In a free society, we should be legally allowed to debate anything.
I argued this point on my show some years back, offering up as an example the question of whether the Holocaust actually happened. It was a useful illustration because it isn’t a question at all.
The Holocaust happened. The Nazis exterminated six million Jews. It remains history’s most evil crime.
Even so, Holocaust denial and Holocaust downplaying exist.
When I ran for office a couple of years later, one of the attacks lobbed my way was that I had said the Holocaust was “debatable.” This was a dishonest and exceedingly literal interpretation of my actual point. My defense of free speech is all-encompassing, which means I don’t carve out exceptions for speech I deplore, like Holocaust denial.
In 2011, I spent a week at Yad Vashem, Israel’s national Holocaust museum, immersed in the history of the Holocaust. I’ve interviewed survivors and the descendants of victims. The proof of the Holocaust’s existence and scale is irrefutable.
But this is not a trump card that warrants censorship of those who, for whatever reason, insist otherwise.
Buried in the Canadian budget, inexplicably, is a provision that will criminalize Holocaust denial.
“There is no place for antisemitism and Holocaust denial in Canada,” Public Safety Minister Marco Mendicino said. "That's why we've pledged to prohibit the wilful promotion of antisemitism through condoning, denying or downplaying the Holocaust.”
The Liberals’ budget text is lifted from a private member’s bill introduced in February by Conservative MP Kevin Waugh to make "Holocaust denial, one of the main indicators of antisemitism and radicalization, illegal in Canada."
It was perplexing from the Conservatives given their vociferous opposition to the 2017 anti-Islamophobia motion M-103, which they rightfully criticized for singling out one particular form of hate and potentially curbing free expression by calling for a “whole of government” approach to ending Islamophobia.
Unlike M-103, the Holocaust denial ban has a direct criminal sanction. It literally restricts speech.
Holocaust denial is not speech that adds anything constructive to the marketplace of ideas, but this is irrelevant. John Stuart Mill’s utilitarian defense of free speech has never sat well with me for this reason. Free speech isn’t just defensible because of the positive benefits it might yield – it’s defensible because freedom itself is inherently good.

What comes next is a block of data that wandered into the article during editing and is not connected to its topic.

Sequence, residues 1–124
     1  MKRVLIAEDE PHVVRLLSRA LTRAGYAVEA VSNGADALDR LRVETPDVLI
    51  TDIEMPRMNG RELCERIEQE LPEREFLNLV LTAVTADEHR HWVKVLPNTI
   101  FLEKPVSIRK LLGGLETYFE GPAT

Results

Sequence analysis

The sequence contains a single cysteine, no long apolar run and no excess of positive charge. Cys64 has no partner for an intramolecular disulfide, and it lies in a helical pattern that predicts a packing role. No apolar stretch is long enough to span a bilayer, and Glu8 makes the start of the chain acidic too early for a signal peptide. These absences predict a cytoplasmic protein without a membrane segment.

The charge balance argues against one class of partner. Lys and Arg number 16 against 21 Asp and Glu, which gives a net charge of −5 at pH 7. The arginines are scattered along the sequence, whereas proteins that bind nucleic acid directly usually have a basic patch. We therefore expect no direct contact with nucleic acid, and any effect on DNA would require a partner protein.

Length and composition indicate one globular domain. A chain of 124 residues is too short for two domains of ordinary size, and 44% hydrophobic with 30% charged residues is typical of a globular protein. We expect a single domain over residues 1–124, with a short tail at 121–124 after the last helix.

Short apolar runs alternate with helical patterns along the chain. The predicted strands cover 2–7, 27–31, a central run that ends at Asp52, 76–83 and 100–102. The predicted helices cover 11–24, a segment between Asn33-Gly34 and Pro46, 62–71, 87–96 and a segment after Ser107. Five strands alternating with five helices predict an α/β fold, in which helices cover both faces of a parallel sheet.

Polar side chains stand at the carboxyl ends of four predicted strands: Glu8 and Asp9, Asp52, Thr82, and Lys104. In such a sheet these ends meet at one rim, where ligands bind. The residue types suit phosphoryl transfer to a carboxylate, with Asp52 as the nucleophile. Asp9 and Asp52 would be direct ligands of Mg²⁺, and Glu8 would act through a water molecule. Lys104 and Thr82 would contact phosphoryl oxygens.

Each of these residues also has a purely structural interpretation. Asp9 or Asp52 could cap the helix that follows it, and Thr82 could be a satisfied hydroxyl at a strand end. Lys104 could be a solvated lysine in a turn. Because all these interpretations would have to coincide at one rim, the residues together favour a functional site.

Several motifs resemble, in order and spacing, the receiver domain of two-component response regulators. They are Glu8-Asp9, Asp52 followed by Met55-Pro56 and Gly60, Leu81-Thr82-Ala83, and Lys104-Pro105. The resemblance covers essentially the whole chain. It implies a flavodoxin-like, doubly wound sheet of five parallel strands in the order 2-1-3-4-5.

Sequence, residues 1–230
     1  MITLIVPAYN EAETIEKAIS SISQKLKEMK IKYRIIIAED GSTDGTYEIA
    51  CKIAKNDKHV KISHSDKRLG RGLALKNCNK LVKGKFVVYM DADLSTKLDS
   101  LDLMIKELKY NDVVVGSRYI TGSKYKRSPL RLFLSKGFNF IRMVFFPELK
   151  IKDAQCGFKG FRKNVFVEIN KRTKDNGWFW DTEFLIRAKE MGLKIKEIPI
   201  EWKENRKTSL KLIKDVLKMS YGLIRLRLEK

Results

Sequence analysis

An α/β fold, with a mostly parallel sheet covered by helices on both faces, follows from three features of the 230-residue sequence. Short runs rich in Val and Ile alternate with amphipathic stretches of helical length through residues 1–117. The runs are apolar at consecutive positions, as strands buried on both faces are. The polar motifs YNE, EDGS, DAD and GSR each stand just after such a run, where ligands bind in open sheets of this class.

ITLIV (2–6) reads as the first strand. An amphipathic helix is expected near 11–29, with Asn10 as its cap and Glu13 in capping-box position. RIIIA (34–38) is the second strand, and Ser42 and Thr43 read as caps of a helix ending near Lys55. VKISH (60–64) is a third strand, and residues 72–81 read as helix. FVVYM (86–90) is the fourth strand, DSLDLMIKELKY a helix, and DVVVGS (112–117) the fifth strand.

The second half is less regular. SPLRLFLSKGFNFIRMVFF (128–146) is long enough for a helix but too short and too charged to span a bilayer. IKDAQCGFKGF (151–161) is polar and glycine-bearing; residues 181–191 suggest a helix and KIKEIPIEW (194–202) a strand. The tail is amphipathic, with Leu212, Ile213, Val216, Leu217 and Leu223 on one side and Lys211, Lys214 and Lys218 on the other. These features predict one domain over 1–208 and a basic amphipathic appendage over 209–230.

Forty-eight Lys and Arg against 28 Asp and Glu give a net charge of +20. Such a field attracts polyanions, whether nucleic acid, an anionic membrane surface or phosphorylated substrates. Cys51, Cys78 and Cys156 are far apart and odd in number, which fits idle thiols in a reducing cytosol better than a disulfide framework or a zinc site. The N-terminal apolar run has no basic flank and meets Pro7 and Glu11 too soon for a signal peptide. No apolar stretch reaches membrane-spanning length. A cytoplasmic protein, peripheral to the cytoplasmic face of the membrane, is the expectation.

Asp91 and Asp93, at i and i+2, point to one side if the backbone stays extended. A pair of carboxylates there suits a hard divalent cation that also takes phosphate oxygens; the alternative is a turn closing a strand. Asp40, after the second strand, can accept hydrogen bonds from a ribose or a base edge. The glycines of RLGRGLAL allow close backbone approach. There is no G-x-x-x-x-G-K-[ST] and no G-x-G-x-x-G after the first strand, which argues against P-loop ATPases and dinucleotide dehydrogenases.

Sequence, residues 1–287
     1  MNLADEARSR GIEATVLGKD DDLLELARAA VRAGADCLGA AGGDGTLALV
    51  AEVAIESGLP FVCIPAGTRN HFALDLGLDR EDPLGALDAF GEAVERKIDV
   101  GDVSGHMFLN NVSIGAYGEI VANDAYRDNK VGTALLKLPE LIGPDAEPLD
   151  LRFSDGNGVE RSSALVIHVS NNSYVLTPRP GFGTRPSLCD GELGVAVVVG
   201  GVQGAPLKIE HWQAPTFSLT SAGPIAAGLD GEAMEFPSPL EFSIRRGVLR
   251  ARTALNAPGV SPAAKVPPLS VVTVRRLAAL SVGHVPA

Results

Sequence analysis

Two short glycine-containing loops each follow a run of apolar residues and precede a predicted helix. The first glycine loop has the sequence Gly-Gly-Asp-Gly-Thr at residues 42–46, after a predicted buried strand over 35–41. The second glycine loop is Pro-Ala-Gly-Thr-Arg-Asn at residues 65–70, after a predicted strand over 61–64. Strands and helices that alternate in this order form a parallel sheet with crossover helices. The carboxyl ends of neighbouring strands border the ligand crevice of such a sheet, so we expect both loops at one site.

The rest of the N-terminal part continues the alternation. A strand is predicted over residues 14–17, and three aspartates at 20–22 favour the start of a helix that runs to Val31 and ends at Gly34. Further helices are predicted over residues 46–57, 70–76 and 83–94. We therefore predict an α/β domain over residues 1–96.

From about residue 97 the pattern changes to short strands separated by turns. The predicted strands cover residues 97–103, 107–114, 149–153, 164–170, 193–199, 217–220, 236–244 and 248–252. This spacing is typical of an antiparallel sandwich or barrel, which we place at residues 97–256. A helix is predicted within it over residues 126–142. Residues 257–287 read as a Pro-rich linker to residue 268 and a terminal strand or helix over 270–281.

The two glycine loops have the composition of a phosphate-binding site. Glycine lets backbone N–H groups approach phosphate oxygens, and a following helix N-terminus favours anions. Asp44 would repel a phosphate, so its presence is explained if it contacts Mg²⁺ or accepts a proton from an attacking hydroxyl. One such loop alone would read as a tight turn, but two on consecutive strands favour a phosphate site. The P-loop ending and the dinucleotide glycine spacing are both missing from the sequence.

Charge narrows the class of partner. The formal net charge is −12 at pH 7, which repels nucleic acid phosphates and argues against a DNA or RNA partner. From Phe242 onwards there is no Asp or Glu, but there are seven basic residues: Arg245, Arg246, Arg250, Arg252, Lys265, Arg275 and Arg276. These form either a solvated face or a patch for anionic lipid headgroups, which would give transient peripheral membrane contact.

The allure of a ban on Holocaust denial no doubt makes for good politics. The Liberals’ favorite pastime is calling their opponents racists and Nazis, so no doubt anyone who opposes this on free speech grounds will be branded a “Holocaust denier.”
Several Jewish groups have spoken out in support of the move, though this is short-sighted and speaks to an understandable but overly narrow focus on curbing antisemitism.
Antisemitism is a pervasive problem. As my friend Laura Rosen Cohen always says, everyone meets at Jew-hate Junction. But criminalizing speech is neither an effective nor justifiable remedy to this.
Supporting a ban on Holocaust denial licenses the government to expand the parameters of censorship to appease any other group who claims a particularly insidious expression of speech is a harbinger of broader societal hate that needs to be reined in.
Islamophobia, transphobia, homophobia, anti-black racism, and so on. Stamping out all these things is desirable enough, but good luck getting everyone to agree on the definitions.
To some people, criticizing radical Islam is Islamophobic. To others, saying trans women aren’t women is transphobia.
If you think it’s conspiratorial to warn of this sort of law triggering a censorship creep, you needn’t look further than the United Kingdom, where police routinely visit people over supposedly problematic online posts, including many critical of the malleability of gender identity.
Last year, a Scottish woman was criminally charged with hate speech over “transphobic” tweets, though the Crown later dropped the charges.
Let’s not forget that the Liberals are already planning to clamp down on online speech with the forthcoming revival of section 13 of the Canadian Human Rights Act, a provision prohibiting “hate speech…in a context in which the hate speech is likely to foment detestation or vilification of an individual or group of individuals on the basis of a prohibited ground of discrimination.”
They sought to do this in the previous parliament with Bill C-36, though when this died on the order paper because of last year’s election, they pledged to reintroduce it in this parliamentary session.
Criminalizing Holocaust denial is easy because no one wants to defend the rights of bad people saying indefensible things. But rights are there for everyone. If you don’t defend bad people’s rights, the rights aren’t there when the good people need them.
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If you were running for office today, you wouldn't even need to argue for a particular kind of free speech in order to be maligned. According to legacy media, free speech itself is now solely a "far right" concept.
Great objectivity as always from you. Thanks